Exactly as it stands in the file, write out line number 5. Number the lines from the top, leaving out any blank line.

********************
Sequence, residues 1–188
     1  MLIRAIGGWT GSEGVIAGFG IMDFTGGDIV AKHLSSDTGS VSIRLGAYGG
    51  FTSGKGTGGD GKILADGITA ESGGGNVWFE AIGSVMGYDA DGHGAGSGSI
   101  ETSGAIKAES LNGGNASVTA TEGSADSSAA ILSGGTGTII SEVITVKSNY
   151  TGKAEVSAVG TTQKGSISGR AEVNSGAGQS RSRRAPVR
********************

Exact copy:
   151  TGKAEVSAVG TTQKGSISGR AEVNSGAGQS RSRRAPVR